What we are experiencing is a radical privatization of faith. Largely unchallenged, the privatization of faith occurs at the same time as government at all levels refuses to privatize the functions of social power it has usurped. Government has taken upon itself the burden of duties once reserved for church, family, and private organizations.

Enlightened from the filching of moral and civic responsibility, the social institutions of America have fallen to napping at the helm while the political institutions using the public schools and a thousand other programs have molded a generation of Americans dedicated to the false faith of moral relativism.

The privatizers of faith are the same social engineers who demand universal public health care, who embrace public welfare, who bid a nation to come learn their simple doctrine of the solitary value of tolerance. That is, except tolerance for Christians.

To reverently speak the name of Jesus Christ in public is today an offense more rank than to take His name in vain while condemning the existence of absolute truth. To prohibit the name of Jesus in public was once the death wish of ideologically insane communists and humanists. Today, strict secularism has become the unconditional demand of bureaucrats and legislators and judges at all levels of government.

Given the immensity of the government monster that has grown up in opposition to the name of Jesus and other references to God's Word, Christians can easily choose to shut up and be silent, ashamed to speak the name of Jesus Christ.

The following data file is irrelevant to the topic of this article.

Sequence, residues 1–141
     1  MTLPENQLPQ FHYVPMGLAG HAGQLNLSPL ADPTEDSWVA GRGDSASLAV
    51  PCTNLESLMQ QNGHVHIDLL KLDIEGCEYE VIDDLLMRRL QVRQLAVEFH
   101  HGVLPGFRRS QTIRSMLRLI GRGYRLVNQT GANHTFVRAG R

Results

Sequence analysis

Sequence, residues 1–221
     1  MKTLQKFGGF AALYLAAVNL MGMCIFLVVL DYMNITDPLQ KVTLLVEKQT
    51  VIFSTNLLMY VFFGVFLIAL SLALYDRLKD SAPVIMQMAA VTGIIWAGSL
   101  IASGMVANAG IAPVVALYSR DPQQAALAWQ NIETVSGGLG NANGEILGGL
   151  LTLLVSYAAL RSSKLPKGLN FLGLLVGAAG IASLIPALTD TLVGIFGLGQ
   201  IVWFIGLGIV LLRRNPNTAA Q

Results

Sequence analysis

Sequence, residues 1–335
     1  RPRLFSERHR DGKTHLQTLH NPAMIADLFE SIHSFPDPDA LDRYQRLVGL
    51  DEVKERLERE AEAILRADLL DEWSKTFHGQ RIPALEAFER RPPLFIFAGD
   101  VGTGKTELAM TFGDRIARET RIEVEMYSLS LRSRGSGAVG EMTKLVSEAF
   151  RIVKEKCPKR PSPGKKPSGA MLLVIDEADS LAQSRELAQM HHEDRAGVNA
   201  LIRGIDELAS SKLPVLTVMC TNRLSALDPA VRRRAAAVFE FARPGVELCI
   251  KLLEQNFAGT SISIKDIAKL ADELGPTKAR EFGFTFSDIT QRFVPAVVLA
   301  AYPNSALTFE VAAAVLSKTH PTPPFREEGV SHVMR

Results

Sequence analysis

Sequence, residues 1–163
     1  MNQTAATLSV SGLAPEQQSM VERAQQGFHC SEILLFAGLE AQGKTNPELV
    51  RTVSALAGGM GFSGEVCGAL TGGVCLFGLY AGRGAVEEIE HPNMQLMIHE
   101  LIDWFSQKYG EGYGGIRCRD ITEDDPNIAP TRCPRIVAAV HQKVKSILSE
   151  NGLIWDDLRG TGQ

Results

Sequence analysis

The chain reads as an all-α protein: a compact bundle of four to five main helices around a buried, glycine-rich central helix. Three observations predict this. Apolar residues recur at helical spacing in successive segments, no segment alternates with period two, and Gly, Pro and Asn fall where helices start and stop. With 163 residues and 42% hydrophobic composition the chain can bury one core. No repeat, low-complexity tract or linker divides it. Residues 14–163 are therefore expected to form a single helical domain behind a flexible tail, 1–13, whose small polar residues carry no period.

We can choose to join the deadly fight in the flesh that will claim the flesh of America. Or we can get back to fighting the war of the spirit. As Douglas MacArthur said, "It must be of the spirit if we are to save the flesh."

Hans Zeiger is a conservative activist and columnist from Puyallup, Washington. As a 19-year-old Eagle Scout, Hans is the founder and president of the Scout Honor Coalition, a grassroots network of Americans dedicated to preventing and countering politically correct attacks on the Scouts.

Hans writes a column that appears in Renew America, the Seattle Sentinel,,,, Sierra Times, American Daily, America's Voices, The Right Report, and other publications. Hans was a freelance columnist for the Seattle Times NEXT page, and he has written articles for the San Francisco Chronicle, Philadelphia Daily News, Baltimore Sun, Insight, Birmingham News, Conservative Battleline, Wisconsin State Journal, Tacoma News Tribune, The New American, and

Previously, Hans served as chairman of Washington Young Americans for Freedom and was a Research Assistant at the Evergreen Freedom Foundation in Olympia, Washington.

He has been a guest on numerous radio and television programs, including National Public Radio, the Lars Larson Show, Point of View, Republican Radio, Crosstalk, Concerned Women Today, the Ken Hamblin show, and the Laura Ingraham show. Hans has been referenced on the Rush Limbaugh Show and in newspapers and magazines, including National Review, Education Week, Mother Jones, and Agape News. A dynamic public speaker, he has preached in churches, keynoted civic organization conventions and rallies, and debated Left-wing activists in colleges.

Hans is the author of Get Off My Honor: the War on the Boy Scouts, to be released by Broadman and Holman Publishers of Nashville, Tennessee in 2005.

A graduate of Puyallup High School, Hans is a sophomore at Hillsdale College in Michigan where he is majoring in American Studies. His website is

Copyright 2003 by Hans Zeiger